The overall aesthetic of the Nodus Sector GMT could best be described as a modern and refined version of a classic field watch that includes a subtle yet practical dual-timezone display. At the time of launch, Nodus offers the Sector GMT in two different colorways: Pacific, which consists of a deep blue dial with golden yellow accents; and Metro, which is the version pictured here that embraces a largely gray and white color profile with small pale blue highlights. While the Metro colorway is slightly more refined and formal than its Pacific sibling, both versions of the Sector GMT offer highly versatile designs that perfectly lend themselves to everyday wear and use.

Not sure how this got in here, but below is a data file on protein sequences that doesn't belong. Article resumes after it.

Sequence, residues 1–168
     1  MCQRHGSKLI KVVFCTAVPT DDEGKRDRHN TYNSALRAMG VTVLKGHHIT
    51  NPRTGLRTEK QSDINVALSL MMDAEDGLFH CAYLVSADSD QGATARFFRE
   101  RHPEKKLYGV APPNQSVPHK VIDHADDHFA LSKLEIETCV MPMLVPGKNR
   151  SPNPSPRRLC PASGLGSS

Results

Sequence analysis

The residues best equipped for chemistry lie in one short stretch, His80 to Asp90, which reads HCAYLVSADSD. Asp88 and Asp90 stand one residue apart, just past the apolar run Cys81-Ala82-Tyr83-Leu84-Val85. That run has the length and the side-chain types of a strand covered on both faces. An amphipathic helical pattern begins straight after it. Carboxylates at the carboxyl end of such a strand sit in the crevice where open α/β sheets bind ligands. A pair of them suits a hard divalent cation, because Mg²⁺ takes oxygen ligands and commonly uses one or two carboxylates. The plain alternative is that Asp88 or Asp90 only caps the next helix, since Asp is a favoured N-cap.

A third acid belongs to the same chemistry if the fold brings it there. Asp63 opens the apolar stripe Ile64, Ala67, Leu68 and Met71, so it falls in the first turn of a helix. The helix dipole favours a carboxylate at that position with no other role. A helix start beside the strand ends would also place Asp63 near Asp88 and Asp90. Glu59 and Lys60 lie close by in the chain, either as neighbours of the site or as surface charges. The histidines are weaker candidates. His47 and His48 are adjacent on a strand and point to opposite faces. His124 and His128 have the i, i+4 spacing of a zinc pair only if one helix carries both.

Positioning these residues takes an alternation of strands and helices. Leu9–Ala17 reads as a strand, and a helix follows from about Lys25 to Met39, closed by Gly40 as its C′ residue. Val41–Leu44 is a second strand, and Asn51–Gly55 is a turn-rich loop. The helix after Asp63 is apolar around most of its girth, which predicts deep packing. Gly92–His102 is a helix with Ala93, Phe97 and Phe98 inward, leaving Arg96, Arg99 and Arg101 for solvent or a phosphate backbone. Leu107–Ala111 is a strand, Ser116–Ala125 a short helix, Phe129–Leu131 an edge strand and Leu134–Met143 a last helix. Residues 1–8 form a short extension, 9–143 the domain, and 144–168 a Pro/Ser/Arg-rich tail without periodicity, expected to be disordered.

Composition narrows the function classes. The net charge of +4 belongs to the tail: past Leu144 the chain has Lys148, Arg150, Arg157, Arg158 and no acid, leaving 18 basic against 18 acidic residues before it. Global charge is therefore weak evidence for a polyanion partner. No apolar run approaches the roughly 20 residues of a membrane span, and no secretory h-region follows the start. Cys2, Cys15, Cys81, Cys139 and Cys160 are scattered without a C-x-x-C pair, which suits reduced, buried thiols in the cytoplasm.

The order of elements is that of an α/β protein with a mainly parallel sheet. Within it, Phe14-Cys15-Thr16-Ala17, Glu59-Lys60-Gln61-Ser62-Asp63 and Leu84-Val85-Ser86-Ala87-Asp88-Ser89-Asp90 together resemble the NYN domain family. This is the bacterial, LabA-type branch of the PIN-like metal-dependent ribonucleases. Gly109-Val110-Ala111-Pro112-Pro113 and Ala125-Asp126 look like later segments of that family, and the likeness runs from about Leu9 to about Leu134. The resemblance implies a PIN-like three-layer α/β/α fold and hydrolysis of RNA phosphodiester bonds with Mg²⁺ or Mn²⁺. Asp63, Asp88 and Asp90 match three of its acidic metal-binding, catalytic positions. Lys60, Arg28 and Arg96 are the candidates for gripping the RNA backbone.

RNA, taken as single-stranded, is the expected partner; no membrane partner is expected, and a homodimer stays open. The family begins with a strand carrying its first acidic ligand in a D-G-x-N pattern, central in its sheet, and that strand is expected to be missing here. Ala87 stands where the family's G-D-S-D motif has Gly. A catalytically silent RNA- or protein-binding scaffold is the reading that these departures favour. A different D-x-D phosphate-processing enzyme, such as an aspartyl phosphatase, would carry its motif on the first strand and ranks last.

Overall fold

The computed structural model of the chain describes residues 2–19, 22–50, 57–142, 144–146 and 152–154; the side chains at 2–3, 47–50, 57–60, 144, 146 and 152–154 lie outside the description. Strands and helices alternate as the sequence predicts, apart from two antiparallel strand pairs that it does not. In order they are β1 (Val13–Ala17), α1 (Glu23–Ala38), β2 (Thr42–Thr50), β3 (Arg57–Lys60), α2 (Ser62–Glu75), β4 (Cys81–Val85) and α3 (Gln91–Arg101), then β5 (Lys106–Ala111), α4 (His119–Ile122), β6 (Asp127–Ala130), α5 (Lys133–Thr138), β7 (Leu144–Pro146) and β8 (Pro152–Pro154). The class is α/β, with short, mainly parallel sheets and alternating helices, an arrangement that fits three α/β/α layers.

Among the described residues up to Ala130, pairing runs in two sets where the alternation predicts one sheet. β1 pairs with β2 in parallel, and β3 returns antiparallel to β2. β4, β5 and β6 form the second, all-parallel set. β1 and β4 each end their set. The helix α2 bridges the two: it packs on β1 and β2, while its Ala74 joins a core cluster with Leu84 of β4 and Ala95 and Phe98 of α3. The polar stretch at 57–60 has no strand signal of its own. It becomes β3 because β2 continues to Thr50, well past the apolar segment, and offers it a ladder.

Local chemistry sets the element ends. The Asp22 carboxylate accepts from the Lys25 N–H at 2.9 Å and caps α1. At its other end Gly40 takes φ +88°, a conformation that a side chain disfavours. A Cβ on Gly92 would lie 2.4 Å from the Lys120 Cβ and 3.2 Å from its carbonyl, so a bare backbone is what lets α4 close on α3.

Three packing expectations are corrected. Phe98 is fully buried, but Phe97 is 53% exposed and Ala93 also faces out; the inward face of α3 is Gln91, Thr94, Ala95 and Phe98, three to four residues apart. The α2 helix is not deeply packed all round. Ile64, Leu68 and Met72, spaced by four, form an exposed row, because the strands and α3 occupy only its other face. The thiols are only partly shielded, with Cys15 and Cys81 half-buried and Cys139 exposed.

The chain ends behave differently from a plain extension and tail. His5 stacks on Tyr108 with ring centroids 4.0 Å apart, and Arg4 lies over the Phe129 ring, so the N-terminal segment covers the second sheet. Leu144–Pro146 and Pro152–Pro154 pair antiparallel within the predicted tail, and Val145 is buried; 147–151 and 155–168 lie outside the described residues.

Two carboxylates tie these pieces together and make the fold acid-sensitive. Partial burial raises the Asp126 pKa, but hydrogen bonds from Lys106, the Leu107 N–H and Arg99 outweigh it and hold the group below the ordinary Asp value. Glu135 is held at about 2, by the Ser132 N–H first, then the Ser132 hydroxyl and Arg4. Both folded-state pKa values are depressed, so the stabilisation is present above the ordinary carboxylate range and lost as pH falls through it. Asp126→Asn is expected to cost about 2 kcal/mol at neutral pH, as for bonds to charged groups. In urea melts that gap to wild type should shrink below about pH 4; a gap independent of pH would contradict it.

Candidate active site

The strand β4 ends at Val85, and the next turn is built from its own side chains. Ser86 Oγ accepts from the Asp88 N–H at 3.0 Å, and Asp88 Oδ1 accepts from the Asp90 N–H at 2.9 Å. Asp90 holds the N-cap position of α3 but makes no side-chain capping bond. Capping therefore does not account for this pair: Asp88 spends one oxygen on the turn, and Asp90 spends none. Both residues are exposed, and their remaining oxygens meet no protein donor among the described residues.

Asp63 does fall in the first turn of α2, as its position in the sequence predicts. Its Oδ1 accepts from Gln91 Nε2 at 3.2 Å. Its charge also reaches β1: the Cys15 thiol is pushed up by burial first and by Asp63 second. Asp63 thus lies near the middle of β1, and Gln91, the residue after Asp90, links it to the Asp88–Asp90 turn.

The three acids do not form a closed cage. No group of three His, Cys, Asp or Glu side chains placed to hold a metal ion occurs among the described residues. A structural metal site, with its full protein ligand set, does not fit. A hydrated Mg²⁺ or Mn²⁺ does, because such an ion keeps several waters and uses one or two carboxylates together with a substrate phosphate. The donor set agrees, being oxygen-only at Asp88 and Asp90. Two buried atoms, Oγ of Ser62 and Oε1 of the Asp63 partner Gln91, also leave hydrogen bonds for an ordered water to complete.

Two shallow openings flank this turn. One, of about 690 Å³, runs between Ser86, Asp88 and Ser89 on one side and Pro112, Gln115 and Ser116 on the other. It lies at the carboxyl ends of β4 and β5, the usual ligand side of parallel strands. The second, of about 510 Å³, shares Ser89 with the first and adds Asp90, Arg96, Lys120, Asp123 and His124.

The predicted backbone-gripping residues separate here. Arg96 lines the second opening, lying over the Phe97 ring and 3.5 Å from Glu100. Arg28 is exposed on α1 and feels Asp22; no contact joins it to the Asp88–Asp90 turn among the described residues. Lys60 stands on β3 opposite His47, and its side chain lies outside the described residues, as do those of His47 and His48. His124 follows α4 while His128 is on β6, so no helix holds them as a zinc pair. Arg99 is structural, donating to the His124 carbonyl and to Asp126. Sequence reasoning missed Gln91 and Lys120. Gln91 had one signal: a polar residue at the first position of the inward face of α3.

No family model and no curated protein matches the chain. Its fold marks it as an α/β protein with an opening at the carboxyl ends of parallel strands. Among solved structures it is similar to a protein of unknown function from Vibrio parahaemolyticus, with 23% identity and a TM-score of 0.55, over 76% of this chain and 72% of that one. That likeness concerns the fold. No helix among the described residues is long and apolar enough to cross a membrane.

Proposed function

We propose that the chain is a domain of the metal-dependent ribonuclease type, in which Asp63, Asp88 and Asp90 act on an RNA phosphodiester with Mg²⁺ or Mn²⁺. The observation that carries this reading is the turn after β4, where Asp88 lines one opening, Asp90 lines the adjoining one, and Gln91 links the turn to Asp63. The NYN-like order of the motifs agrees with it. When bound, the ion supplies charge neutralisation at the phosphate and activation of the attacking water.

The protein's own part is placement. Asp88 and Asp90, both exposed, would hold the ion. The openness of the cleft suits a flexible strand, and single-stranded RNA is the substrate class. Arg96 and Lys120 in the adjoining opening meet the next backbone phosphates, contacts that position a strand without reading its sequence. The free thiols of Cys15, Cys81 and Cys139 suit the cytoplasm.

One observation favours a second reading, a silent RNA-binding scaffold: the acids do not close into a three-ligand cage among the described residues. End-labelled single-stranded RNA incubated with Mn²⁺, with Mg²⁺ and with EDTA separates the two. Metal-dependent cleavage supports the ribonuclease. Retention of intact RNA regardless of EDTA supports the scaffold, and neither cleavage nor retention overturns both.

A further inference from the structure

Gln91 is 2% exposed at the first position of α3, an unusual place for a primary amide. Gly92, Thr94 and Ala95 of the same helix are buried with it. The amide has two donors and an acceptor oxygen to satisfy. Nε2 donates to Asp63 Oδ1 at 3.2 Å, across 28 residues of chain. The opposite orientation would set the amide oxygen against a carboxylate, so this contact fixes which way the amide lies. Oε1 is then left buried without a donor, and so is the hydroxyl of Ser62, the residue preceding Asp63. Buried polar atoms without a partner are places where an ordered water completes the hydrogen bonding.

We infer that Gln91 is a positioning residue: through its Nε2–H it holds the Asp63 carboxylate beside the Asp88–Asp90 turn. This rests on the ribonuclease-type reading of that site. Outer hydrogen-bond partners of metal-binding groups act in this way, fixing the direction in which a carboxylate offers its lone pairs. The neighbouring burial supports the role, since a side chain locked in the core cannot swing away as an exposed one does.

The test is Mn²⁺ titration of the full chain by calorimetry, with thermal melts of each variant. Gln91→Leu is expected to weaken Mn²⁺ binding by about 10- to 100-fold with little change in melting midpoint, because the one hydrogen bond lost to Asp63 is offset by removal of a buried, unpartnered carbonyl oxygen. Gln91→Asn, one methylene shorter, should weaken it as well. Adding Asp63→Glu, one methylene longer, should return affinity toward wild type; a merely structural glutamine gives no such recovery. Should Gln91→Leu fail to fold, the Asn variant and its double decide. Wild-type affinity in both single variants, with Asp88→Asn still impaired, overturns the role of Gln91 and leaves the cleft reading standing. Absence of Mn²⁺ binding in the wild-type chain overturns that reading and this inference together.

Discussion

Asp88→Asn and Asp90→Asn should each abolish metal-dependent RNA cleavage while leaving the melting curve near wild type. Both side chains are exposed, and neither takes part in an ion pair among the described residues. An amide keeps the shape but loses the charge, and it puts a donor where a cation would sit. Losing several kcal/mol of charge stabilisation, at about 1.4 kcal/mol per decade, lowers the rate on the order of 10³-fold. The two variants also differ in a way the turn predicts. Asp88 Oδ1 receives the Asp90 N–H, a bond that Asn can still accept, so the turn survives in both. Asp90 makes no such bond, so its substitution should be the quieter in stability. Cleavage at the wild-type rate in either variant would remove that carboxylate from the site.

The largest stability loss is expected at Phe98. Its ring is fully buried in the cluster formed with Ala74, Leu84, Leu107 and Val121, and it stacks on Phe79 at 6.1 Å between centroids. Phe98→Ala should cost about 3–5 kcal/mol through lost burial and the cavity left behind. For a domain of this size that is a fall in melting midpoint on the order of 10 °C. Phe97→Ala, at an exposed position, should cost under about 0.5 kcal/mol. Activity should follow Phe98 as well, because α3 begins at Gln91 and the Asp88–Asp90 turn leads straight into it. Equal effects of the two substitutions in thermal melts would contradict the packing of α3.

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Crafted from 316L stainless steel, the underlying case profile of the Nodus Sector GMT will be immediately familiar to those who have prior experience with other models from the Sector collection. That said, both the bezel and crown are different on the new GMT version, which ultimately give it a slightly different overall appearance compared to its siblings that share the same middle case design. The case itself measures 38mm in diameter by 12.25mm-thick, with lugs that are set 20mm apart and an overall lug-to-lug profile of 47mm. The lugs feature drilled holes and are rather long and prominent relative to the fairly compact diameter of the watch. However, they also feature a curved profile, which lets them hug the wrist and prevents them from feeling too large or disproportional in relation to the rest of the case.